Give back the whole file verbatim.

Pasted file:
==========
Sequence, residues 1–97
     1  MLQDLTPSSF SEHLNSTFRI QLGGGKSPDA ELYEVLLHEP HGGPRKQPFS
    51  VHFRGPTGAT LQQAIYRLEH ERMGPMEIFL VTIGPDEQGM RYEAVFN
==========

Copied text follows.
Sequence, residues 1–97
     1  MLQDLTPSSF SEHLNSTFRI QLGGGKSPDA ELYEVLLHEP HGGPRKQPFS
    51  VHFRGPTGAT LQQAIYRLEH ERMGPMEIFL VTIGPDEQGM RYEAVFN